‘Completely unacceptable’: Senators react to allegations that Al Franken kissed and and groped a TV host without consent

Sen. Al Franken on Capitol Hill.

caption
Sen. Al Franken on Capitol Hill.
source
Photo by Drew Angerer/Getty Images

  • TV host Leeann Tweeden accused Sen. Al Franken of Minnesota on Thursday of groping and kissing her without her consent in 2006.
  • Franken’s Senate colleagues are expressing a mixture of dismay, shock, and nonchalance about the allegations.
  • Senate Majority Leader Mitch McConnell, among others, has called for an ethics investigation.

Top senators from both parties are calling for an ethics investigation into Sen. Al Franken of Minnesota after a Los Angeles TV host alleged in a column on Thursday that Franken had kissed and groped her without permission in 2006.

Leeann Tweeden of 790 KABC alleged that the incidents occurred during a United Service Organizations tour, in which Franken aggressively kissed her, sticking his tongue in her mouth during a rehearsal for a comedy skit.

On the tour’s flight back to the US, Franken groped Tweeden’s breasts while she was asleep – an act which Tweeden only discovered afterwards when she saw a photograph.

“I felt violated all over again. Embarrassed. Belittled. Humiliated,” Tweeden wrote in the column. “How dare anyone grab my breasts like this and think it’s funny?”

Franken issued an apology shortly after Tweeden’s column was published, but said he remembered the incident differently.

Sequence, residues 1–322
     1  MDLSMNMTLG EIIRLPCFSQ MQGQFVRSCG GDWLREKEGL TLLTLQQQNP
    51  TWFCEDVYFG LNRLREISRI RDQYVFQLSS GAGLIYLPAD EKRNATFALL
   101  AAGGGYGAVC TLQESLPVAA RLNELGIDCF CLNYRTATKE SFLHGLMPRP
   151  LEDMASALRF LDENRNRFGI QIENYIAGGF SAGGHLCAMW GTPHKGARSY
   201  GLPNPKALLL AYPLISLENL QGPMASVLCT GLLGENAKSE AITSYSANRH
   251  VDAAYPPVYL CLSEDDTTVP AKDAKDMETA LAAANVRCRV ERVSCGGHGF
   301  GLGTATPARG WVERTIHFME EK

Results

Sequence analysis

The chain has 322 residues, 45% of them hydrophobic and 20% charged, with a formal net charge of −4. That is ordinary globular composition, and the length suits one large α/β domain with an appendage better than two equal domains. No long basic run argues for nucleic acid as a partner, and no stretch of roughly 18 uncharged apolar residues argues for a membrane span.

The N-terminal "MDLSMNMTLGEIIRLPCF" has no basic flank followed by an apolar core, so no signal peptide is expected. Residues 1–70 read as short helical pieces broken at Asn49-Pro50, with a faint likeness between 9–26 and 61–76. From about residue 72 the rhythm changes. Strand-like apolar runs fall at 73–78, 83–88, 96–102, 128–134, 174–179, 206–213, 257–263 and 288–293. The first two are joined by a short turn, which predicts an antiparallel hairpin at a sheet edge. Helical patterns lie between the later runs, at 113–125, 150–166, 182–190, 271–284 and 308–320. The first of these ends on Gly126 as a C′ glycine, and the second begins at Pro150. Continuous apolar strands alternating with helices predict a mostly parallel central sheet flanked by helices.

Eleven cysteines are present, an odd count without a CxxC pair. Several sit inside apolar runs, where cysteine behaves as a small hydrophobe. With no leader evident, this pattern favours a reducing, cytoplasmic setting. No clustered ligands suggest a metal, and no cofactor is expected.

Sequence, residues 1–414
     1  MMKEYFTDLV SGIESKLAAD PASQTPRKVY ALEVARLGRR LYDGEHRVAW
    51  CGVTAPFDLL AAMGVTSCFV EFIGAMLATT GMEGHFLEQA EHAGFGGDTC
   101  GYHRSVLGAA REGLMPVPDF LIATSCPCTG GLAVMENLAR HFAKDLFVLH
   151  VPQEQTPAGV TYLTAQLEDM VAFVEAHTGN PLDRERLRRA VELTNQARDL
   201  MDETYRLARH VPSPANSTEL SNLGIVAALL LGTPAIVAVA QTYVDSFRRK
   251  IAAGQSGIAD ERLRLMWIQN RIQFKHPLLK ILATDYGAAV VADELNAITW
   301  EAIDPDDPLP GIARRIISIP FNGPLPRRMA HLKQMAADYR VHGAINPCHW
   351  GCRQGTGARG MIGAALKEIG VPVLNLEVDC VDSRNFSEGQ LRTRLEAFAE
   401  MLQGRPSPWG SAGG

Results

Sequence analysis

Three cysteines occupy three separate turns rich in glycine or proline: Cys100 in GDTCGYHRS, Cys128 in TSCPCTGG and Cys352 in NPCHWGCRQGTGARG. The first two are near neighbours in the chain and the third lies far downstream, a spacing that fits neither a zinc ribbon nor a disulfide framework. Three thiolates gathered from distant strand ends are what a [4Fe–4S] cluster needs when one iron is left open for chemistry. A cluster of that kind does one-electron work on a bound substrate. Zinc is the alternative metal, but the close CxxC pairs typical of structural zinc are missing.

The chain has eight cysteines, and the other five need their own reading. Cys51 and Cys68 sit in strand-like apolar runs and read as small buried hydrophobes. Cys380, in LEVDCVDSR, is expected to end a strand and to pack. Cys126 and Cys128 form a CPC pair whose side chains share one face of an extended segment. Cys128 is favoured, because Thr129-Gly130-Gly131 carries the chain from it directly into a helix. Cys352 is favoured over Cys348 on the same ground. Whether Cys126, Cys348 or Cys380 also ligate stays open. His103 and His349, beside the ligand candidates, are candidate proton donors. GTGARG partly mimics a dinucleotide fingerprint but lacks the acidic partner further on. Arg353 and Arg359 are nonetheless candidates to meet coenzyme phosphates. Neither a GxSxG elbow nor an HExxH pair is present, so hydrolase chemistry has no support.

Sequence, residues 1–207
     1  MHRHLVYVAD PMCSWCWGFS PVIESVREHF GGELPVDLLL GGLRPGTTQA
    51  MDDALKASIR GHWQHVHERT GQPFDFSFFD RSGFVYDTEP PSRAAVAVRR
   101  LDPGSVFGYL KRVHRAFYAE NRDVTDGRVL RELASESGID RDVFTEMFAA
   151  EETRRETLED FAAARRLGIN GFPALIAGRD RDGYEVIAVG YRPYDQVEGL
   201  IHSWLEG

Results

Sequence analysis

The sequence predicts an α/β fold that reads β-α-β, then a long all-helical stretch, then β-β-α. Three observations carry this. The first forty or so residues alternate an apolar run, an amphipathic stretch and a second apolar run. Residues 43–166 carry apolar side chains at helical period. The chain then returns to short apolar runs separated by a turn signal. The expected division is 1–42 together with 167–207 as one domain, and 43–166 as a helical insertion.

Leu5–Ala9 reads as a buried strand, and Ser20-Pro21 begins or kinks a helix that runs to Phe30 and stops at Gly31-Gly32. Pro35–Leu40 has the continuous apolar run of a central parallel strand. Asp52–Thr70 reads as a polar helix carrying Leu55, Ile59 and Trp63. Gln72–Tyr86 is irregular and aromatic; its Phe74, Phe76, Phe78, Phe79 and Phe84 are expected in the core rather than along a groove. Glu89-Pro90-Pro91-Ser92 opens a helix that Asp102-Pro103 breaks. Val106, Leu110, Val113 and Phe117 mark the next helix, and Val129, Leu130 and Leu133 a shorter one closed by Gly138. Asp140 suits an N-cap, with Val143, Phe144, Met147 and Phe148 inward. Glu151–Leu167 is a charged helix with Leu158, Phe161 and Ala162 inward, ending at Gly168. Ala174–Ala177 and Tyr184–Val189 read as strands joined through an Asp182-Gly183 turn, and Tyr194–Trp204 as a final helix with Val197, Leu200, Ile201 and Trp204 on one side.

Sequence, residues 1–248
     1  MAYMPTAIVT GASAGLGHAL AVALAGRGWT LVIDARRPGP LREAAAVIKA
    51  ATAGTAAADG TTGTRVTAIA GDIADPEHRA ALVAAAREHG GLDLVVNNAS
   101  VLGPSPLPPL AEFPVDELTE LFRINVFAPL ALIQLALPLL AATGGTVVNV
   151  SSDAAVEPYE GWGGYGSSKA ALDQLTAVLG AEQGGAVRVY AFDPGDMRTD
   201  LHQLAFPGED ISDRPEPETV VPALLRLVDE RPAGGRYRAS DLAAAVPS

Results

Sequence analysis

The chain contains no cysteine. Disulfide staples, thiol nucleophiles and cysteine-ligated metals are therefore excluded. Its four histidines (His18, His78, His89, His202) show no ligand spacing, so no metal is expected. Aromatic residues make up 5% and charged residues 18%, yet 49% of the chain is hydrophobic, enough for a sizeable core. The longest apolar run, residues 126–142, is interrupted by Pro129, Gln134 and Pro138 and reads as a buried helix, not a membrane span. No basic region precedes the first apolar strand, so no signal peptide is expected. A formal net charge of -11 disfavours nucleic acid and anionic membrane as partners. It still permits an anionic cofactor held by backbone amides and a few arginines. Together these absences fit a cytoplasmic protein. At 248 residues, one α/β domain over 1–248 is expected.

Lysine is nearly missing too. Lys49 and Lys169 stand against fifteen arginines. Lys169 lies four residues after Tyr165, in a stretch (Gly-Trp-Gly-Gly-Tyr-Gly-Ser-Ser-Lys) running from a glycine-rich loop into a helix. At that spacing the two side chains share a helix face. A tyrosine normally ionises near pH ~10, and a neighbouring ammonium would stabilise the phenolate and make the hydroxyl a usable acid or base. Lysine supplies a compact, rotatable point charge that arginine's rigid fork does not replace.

“I certainly don’t remember the rehearsal for the skit in the same way, but I send my sincerest apologies to Leeann. As to the photo, it was clearly intended to be funny but wasn’t. I shouldn’t have done it,” he said.

The accusations against Franken come at the same time the GOP is grappling with how to handle the candidacy of Alabama Republican Roy Moore, who faces multiple allegations of sexual harassment and assault on teenage girls.

Here’s what senators had to say about Franken:


Senate Majority Leader Mitch McConnell

caption
Senate Majority Leader Mitch McConnell speaks with reporters following the party luncheons on Capitol Hill in Washington, U.S. November 14, 2017.
source
Reuters/Aaron P. Bernstein

McConnell led the way on Thursday with a call for an ethics committee to convene.

“As with all credible allegations of sexual harassment or assault, I believe the Ethics Committee should review the matter. I hope the Democratic Leader will join me on this,” McConnell said in a statement. Regardless of party, harassment and assault are completely unacceptable – in the workplace or anywhere else.”


Senate Minority Leader Chuck Schumer

caption
Chuck Schumer.